The 90th Academy Awards are this Sunday. If you’ve paid any attention to the film circuit this year then you probably know that the competition for Best Picture will be fierce with Three Billboards Outside Ebbings, Missouri; Phantom Thread; The Post; The Shape of Water; Call Me By Your Name; Dunkirk; and Lady Bird all posing as formidable threats to take home the golden statuette. Less undetermined, however, is the race for Best Actor in a Leading Role. While Daniel Kaluuya, Timothée Chalamet, and Denzel Washington are all accomplished actors worthy of the career-affirming trophy, this year’s ceremony seems like a two-man competition between Daniel Day-Lewis and Gary Oldman.
In any other year, Daniel Day-Lewis, 60, would be considered a shoo-in. As one of the most admired and awarded actors in history, it would be fitting to end his career (he has said that Phantom Thread will be his last role) with a record fourth Best Actor award. However, the praise for Oldman’s turn as Winston Churchill in Darkest Hour has been nothing short of stupendous and he has already bested Day-Lewis at the Golden Globes this awards season.
Long considered a chameleon of the film industry, Oldman, 59, is known for blending into his roles in such a seamless manner that he becomes unrecognizable. One of the reasons he was able to transform himself into the former British Prime Minister so effectively is thanks to a replica of the Breguet No. 765 “Turnip” pocket watch that the brand reincarnated for the film. Churchill inherited the timepiece from his grandfather, John Spencer Churchill, the 7th Duke of Marlborough, who was also an ancestor to Princess Diana. Originally commissioned in 1890, the rattrapante minute repeater chronograph with an enamel dial, boasts a prominent chain at the waist that can be seen in many of the most iconic images from World War II. You can find the original Breguet pocket watch inside The Churchill War Rooms at The Imperial War Museum in London.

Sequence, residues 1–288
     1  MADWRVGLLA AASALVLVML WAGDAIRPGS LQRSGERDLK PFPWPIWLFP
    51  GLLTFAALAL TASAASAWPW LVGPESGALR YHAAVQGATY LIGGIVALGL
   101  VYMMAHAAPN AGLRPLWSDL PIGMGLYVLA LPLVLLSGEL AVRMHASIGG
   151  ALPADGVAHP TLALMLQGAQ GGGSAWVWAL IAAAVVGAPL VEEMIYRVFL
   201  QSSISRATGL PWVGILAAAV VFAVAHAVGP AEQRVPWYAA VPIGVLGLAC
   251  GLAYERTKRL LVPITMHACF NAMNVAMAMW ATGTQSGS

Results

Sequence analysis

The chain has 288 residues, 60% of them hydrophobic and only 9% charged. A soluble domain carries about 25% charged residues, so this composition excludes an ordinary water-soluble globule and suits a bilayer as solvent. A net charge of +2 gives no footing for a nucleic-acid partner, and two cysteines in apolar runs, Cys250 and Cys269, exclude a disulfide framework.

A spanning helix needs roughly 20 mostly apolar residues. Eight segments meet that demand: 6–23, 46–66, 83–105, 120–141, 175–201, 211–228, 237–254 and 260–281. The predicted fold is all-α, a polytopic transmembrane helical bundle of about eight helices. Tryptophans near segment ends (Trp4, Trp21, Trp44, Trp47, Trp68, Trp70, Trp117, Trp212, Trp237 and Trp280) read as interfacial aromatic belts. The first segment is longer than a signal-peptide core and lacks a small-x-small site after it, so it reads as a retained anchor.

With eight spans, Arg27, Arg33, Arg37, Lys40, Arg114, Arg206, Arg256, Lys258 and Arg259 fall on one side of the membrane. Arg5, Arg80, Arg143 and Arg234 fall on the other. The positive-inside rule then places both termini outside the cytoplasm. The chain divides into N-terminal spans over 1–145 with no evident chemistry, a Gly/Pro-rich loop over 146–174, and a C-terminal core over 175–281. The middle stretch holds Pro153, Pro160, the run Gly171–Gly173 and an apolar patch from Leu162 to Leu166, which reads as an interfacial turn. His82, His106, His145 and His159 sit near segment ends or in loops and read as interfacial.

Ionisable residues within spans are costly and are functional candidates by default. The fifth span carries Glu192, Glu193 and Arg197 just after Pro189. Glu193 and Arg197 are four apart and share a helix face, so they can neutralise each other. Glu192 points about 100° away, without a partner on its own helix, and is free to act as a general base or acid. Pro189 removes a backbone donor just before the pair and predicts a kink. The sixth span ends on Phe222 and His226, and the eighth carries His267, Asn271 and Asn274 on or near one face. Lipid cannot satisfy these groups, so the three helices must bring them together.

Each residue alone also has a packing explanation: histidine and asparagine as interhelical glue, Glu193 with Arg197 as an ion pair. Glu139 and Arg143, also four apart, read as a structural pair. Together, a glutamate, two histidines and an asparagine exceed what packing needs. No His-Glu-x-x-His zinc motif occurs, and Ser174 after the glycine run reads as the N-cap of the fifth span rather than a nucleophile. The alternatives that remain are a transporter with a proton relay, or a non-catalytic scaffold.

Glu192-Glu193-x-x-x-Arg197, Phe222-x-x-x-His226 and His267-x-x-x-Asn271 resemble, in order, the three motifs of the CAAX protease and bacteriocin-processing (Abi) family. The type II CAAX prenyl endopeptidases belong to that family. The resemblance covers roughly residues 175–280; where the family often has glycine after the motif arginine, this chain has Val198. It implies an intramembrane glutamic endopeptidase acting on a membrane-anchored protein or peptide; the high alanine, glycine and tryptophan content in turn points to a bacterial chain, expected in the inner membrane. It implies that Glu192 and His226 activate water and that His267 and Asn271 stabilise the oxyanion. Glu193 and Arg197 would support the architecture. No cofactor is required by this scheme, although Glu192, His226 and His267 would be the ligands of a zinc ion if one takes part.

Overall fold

Recently, we had the chance to go hands-on with the replica watch that Oldman carried throughout the film and had a few short observations. It’s much, much smaller than it appears in the famous war-time images of Churchill. I wasn’t able to record an exact measurement when viewing the watch (where’s a caliper when you need one?), but an approximate size comparison would be the dimensions of an average soda can. It’s also surprisingly beat up given its short lifespan. This is the rare case where having a scratched case is actually a positive. It’s much more compelling knowing that Oldman was on set using the watch like it was meant to be — as a daily companion — rather than as a decorative prop.
After talking with some Breguet representatives, I was also surprised to find out that this was a completely organic collaboration. There was no payment between the brand and the film studio as Breguet simply wanted to provide Oldman with an authentic representation of the timepiece.
For those that enjoy a good cigar with their watch, it’s worth noting that in Oldman’s quest for authenticity, he smoked at least 400 Romeo y Julieta Cuban cigars. In fact, $20,000 of the film’s $30 million budget literally went towards stogies. Oldman told the Hollywood Reporter back in December that, “I got serious nicotine poisoning. You’d have a cigar that was three-quarters smoked and you’d light it up, and then over the course of a couple of takes, it would go down, and then the prop man would replenish me with a new cigar — we were doing that for 10 or 12 takes a scene.”
Tune into the 90th Academy Awards on ABC at 8:00 EST this Sunday, March 4. If you’re in Beverly Hills, the timepiece will be on view to the public at the Breguet boutique until tomorrow evening.